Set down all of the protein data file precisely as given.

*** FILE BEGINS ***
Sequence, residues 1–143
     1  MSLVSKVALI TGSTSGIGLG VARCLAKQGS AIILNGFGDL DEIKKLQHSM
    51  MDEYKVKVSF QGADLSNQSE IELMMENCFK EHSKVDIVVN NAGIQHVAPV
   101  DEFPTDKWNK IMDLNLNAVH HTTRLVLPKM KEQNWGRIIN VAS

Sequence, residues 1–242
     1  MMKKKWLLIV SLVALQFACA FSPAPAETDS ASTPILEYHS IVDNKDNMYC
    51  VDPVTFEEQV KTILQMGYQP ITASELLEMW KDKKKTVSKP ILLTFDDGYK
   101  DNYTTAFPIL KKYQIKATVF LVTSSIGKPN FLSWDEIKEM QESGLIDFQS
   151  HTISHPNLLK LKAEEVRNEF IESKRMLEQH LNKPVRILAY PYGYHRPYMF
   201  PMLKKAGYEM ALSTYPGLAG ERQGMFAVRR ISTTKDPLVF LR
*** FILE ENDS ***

Sequence, residues 1–143
     1  MSLVSKVALI TGSTSGIGLG VARCLAKQGS AIILNGFGDL DEIKKLQHSM
    51  MDEYKVKVSF QGADLSNQSE IELMMENCFK EHSKVDIVVN NAGIQHVAPV
   101  DEFPTDKWNK IMDLNLNAVH HTTRLVLPKM KEQNWGRIIN VAS

Sequence, residues 1–242
     1  MMKKKWLLIV SLVALQFACA FSPAPAETDS ASTPILEYHS IVDNKDNMYC
    51  VDPVTFEEQV KTILQMGYQP ITASELLEMW KDKKKTVSKP ILLTFDDGYK
   101  DNYTTAFPIL KKYQIKATVF LVTSSIGKPN FLSWDEIKEM QESGLIDFQS
   151  HTISHPNLLK LKAEEVRNEF IESKRMLEQH LNKPVRILAY PYGYHRPYMF
   201  PMLKKAGYEM ALSTYPGLAG ERQGMFAVRR ISTTKDPLVF LR